Focal mechanisms are presented for 11 earthquakes from the Giles County, Virginia, seismic zone and for 12 earthquakes from the central Virginia seismic zone. These earthquakes (0 ≦ M ≦ 4) were monitored by local networks between January 1978 and October 1984. In Giles County, six single-event focal mechanisms and five composite-event focal mechanisms were determined. In central Virginia, eleven single-event focal mechanisms and four composite-event focal mechanisms were obtained. A computer program, FOCMEC, that systematically searches the focal sphere for valid mechanism solutions, based on both P-wave polarities and (SV/P)z amplitude ratios, was used to determine the focal mechanism solutions.
The results for the Giles County seismic zone show predominately strike-slip mechanisms on steeply dipping (73° ± 16°) NNE (right-lateral motion) and ESE (left-lateral motion) trending nodal planes. However, some (4/11) of the solutions show similar movement on nodal planes rotated 45° counterclockwise. The means and standard deviations for the trends and plunges of the P axes are N46°E ± 24° and 13.5° ± 20°, respectively, as computed from the six single-event focal mechanisms and two composite-event focal mechanisms.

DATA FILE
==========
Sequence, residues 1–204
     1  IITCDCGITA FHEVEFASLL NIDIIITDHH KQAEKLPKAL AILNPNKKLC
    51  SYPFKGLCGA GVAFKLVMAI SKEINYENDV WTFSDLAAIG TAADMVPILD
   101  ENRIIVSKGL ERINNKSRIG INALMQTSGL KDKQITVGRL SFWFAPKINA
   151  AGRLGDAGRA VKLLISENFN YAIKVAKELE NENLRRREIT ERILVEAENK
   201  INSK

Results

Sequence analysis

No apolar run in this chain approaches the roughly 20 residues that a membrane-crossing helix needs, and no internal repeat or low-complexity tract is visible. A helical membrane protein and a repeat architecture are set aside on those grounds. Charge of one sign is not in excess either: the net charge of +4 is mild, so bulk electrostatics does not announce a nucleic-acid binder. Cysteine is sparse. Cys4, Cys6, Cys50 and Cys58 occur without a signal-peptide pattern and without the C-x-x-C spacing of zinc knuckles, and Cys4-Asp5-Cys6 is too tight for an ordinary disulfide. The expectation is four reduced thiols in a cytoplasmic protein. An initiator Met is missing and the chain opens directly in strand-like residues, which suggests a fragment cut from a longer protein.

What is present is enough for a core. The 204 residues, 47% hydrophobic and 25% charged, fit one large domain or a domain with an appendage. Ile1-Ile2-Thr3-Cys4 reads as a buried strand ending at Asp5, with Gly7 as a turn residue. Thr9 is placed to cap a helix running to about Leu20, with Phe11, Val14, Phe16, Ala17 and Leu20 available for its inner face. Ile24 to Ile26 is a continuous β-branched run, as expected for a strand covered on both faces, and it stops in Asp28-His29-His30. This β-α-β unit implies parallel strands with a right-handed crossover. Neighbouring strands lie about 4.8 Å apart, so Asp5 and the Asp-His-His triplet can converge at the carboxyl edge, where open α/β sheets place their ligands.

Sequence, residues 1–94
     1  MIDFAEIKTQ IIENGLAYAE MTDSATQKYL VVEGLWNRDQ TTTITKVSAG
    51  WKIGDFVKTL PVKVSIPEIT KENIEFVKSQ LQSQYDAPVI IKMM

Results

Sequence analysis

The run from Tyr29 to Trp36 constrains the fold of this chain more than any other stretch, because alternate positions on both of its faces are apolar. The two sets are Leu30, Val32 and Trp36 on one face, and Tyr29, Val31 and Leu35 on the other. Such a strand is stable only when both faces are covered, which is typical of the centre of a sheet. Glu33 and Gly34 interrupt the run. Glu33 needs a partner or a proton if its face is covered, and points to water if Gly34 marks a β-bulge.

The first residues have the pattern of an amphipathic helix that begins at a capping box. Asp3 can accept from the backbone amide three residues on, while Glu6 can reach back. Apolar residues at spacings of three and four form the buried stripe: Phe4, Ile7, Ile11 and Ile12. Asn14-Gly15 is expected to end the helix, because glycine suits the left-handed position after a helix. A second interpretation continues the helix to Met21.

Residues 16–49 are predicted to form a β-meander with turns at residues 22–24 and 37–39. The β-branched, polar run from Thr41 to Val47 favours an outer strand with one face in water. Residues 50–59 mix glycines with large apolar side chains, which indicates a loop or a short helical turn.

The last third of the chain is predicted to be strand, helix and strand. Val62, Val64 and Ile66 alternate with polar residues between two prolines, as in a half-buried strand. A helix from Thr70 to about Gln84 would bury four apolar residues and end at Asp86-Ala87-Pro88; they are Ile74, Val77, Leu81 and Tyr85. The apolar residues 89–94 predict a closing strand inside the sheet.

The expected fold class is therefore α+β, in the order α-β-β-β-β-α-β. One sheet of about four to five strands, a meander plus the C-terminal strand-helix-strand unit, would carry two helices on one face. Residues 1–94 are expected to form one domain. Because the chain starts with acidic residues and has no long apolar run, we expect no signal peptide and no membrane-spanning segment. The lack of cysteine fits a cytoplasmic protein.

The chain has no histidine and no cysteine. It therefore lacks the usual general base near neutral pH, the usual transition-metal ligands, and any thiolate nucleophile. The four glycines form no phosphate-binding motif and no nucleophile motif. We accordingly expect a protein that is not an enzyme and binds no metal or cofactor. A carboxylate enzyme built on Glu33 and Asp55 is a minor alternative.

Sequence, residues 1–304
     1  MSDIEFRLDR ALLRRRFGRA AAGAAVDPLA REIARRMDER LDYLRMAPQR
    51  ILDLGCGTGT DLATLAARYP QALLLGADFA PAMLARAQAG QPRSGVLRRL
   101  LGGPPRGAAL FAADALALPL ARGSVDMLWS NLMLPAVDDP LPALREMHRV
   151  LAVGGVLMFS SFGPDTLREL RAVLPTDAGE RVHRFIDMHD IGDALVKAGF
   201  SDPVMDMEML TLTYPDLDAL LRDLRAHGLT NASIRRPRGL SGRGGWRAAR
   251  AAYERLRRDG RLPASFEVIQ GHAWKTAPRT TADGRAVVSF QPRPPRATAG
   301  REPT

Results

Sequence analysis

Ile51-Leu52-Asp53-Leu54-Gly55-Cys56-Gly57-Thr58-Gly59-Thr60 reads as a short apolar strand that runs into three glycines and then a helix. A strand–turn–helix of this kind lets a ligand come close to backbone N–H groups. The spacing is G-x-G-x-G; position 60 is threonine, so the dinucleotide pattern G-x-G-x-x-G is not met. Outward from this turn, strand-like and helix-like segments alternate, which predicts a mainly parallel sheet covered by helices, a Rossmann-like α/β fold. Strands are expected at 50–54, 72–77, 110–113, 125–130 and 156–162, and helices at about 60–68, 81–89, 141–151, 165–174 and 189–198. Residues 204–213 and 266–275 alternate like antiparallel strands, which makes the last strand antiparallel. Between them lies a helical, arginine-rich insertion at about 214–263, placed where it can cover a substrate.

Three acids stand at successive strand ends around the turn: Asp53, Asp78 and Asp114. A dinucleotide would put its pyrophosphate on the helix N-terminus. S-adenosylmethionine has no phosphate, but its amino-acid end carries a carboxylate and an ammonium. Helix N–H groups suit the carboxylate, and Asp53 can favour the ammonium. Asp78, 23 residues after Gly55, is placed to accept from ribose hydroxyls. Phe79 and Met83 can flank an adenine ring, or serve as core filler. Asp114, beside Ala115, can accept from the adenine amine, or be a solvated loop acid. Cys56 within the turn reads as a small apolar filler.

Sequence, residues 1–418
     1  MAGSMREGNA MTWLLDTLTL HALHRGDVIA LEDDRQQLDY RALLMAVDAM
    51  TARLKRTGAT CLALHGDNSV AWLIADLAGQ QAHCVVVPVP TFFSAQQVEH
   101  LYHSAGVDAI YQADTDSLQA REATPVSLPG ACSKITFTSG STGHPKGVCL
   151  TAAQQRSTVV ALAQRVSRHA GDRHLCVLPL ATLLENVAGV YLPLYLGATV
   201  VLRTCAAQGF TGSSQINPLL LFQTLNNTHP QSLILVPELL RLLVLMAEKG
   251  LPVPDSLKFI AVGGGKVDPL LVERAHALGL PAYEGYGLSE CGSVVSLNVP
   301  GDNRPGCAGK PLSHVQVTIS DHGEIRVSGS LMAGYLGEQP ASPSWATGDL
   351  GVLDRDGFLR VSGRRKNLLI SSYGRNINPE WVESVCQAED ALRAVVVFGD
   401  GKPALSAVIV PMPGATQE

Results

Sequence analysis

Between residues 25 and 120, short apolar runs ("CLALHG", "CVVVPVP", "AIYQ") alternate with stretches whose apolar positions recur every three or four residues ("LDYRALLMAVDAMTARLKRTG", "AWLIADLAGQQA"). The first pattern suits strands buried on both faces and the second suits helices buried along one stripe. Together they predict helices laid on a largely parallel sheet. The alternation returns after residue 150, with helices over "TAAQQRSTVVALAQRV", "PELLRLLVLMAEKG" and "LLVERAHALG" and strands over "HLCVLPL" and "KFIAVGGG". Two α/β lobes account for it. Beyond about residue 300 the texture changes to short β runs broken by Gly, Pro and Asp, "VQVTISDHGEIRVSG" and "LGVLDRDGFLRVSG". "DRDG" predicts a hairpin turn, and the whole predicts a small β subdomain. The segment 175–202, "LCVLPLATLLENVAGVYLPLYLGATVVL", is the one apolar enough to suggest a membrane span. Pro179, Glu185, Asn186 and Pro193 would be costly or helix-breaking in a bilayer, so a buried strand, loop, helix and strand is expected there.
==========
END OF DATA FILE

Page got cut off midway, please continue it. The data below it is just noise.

Focal mechanisms from central Virginia exhibit much more scatter in mechanism types and nodal plane orientations than observed in Giles County. The P axes in central Virginia are generally northeast-trending for shallow earthquakes (<8 km) and northwest-trending for deeper ones (>8 km). The focal mechanisms exhibit a mixture of reverse and strike slip faulting on planes that dip 62° ± 16°.
The two Virginia seismic zones are separated by only 200 km, yet their seismogenic characteristics are very different. In Giles County, the earthquakes occur beneath the Appalachian decollement, and the faulting and inferred stress orientations are uniform. In central Virginia, however, the seismicity is occurring at and above the decollement and the associated fault planes and stress orientations are quite variable.